A Journey around Iceland’s Ring Road
Before she set off on her recent road trip around Iceland we sent Emma Lavelle (@fieldandnest) our warmest wishes along with a Old Harry knit to fend off the elements. This is what she encountered...
After ten days driving around Iceland’s infamous Ring Road, I feel completely overwhelmed and in awe of the dramatically diverse scenery. They don’t call it The Land of Ice and Fire for nothing. Where else in the world can you drive past sparkling glacial lagoons and bubbling hot springs in the same day?
We drove anti-clockwise, opting to begin our journey with the Golden Circle before slowly leaving the majority of our fellow tourists behind. As you drive further away
from Reykjavik, the coach tours begin to vanish into the distance, and you’re left more or less on your own with the landscapes and herds of Icelandic ponies. We drove past snow-capped mountains and lava fields, stopping to admire powerful geysers, dramatic waterfalls and the rift where two tectonic plates are slowly drifting apart.
Heading east, the scenery is ever-changing; black sand beaches and towering cliffs giving way to icy glaciers, snaking their way through cracks in the mountains. Miles of dramatic jagged peaks suddenly cease as the force of volcanic destruction becomes apparent with immeasurable deserts stretching as far as the eye can see. Waves of jet black petrified lava fill the plains, covered in soft and springy pillow moss, inviting you to stop and lie upon it.
The further you drive, the temperature drops, and a lambswool Old Harry jumper is the perfect garment to pull on to warm your cockles as you gaze in awe at gigantic icebergs floating in glacial lagoons and washed up like diamonds on the black beaches. Down by the sea, the wind whips through your hair as you breathe in the fresh Icelandic air.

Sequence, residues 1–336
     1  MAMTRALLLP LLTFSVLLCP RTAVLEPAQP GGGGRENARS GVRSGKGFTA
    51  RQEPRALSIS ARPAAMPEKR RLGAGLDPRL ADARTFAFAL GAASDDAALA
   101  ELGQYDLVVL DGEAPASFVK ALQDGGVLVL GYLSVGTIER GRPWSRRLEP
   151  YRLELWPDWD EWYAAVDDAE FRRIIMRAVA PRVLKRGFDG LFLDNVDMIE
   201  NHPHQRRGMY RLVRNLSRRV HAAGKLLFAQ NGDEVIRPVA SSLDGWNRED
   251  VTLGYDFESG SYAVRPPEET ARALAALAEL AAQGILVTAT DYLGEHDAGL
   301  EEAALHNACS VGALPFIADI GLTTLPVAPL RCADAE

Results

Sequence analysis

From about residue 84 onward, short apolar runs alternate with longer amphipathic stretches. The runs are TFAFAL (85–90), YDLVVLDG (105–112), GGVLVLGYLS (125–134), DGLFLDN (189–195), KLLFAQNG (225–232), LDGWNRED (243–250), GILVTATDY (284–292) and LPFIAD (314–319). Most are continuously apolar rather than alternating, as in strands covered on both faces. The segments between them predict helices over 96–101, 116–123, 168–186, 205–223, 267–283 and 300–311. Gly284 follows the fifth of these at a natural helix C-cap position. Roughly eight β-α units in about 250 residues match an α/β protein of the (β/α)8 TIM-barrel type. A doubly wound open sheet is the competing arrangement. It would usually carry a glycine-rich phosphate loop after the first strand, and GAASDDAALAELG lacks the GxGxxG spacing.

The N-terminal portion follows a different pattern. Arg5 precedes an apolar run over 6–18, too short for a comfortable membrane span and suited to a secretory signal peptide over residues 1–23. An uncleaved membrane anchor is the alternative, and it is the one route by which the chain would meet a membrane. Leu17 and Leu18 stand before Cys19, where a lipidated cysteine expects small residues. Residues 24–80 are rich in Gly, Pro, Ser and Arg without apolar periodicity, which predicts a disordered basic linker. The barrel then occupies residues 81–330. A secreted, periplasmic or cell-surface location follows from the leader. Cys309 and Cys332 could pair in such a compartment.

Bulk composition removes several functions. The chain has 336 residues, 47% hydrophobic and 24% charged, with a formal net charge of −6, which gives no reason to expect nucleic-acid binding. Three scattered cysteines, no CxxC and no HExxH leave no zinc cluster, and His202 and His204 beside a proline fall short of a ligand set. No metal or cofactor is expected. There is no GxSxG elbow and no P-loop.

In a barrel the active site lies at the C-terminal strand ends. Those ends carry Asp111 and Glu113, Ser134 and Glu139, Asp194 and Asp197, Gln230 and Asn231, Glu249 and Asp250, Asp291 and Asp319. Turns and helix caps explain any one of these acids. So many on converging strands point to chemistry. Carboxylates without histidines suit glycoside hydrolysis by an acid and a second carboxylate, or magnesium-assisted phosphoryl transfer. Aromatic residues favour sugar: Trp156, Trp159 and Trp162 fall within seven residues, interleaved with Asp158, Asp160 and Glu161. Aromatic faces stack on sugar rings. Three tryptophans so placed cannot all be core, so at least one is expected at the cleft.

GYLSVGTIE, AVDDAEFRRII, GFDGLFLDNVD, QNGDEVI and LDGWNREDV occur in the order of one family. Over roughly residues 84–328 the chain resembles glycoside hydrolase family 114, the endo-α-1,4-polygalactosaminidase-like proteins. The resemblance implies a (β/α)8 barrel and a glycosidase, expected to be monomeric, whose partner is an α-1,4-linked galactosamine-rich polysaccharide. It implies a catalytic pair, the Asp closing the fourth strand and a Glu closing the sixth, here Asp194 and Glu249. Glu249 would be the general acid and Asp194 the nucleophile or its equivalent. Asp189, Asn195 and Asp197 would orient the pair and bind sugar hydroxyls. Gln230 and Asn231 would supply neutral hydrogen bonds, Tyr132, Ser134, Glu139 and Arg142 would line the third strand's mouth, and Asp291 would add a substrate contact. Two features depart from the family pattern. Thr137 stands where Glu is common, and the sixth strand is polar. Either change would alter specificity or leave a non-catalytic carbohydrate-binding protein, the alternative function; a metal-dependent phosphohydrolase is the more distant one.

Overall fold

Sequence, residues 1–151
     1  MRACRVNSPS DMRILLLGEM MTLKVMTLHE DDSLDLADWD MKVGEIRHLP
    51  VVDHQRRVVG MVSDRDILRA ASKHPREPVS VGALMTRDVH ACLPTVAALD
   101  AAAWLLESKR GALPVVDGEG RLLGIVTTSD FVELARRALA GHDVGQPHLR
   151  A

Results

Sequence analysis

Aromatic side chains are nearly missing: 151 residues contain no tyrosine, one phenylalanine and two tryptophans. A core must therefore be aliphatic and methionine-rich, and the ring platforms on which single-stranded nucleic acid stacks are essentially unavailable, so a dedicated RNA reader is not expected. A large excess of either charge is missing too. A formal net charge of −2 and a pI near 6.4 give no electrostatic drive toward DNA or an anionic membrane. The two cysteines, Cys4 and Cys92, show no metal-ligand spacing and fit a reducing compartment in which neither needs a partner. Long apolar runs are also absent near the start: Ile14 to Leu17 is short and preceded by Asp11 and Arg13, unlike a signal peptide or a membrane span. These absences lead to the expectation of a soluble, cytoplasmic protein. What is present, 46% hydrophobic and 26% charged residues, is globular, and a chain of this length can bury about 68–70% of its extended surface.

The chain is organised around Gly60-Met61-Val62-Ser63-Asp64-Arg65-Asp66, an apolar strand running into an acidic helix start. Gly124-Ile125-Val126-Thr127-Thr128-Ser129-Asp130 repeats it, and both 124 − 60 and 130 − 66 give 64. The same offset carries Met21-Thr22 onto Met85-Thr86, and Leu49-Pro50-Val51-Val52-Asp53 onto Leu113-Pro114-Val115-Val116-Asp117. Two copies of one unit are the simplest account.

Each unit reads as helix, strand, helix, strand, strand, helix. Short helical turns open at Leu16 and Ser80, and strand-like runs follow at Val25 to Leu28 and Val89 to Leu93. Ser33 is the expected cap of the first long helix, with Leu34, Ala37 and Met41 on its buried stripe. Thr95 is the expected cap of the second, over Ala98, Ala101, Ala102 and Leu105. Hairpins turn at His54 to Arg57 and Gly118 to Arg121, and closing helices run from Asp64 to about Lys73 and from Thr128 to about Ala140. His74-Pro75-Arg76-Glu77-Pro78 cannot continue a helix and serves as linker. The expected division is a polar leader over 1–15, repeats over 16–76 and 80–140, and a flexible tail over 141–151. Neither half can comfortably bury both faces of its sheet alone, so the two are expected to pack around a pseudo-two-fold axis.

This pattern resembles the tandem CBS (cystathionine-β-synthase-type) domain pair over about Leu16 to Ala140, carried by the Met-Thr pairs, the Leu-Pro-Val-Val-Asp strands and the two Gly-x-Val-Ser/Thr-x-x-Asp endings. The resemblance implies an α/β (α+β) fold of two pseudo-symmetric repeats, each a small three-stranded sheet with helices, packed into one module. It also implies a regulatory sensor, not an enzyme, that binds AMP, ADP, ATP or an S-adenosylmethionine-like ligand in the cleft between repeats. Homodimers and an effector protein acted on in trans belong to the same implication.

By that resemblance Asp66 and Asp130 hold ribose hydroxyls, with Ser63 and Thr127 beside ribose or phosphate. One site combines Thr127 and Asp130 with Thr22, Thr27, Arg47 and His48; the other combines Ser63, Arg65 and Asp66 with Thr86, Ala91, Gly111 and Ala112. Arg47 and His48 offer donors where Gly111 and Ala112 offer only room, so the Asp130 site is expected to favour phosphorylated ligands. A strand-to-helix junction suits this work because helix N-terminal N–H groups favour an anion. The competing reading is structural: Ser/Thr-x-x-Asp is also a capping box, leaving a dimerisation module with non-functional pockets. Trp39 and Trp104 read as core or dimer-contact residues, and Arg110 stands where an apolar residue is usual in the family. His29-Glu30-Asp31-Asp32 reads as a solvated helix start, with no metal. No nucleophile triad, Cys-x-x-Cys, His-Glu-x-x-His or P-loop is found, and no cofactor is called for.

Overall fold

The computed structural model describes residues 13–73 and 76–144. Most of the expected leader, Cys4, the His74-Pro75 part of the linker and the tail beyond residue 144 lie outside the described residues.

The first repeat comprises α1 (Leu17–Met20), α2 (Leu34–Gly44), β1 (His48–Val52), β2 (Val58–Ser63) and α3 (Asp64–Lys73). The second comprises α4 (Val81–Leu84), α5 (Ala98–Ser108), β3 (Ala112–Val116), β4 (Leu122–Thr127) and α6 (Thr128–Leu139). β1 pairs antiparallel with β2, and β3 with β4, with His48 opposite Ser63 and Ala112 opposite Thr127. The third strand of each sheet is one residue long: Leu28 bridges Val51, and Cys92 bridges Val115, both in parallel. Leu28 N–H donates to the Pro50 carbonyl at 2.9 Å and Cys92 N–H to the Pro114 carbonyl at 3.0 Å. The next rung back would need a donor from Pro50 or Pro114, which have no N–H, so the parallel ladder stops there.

Traversing the East Fjords involves winding up and down steep coastal roads whilst peering down perilous cliff faces to watch the waves of the Norwegian Sea crash upon the black rocks. Tiny villages pass in the blink of an eye, and the fjords appear to snake on forever. Take the time to pay a visit to Seyðisfjörður, only accessible via a steep mountain pass that leads you through the clouds within touching distance of ice and snow. Waterfalls tumble down the cliffs enclosing the fjord and down perilous ravines. Here, you will find a small but thriving arts & crafts based community where colourful buildings line the streets.
Heading north-west, take a detour to admire the ferocity of the cascading water at Dettifoss, the most powerful waterfall in Europe, before driving on through a lunar landscape. Suddenly, a flash of ochre can be seen in the distance, and plumes of steam rise before you. To the right, you’ll find a road leading to the geothermal power station on the slopes of the Krafla volcano, and immediately to the left of Route One, mud pools and steam vents emit the same sulphuric stench that reeks from most hot water taps and showers in the country. We spent three days in the north, taking our time to explore the area surrounding Lake Myvatn and the rocky peninsulas. One memorable night, we took to the seas on a wooden fishing boat to spot humpback and minke whales frolicking in the water and breaching before our eyes. On the way back to our remote cabin, we spotted rising steam and stopped for a warm swim under the midnight sun. Too exhilarated to retreat to bed, we drove further down the road to revel in the serenity of being the only night-time visitors to Godafoss, one of the country’s largest waterfalls.
During the summer months, it’s possible to sleep during the day and spend your nights exploring the landscapes without another soul around. The lingering sunsets and low midnight sun allow for perfect atmospheric conditions to take photos and admire the landscapes without any interruptions.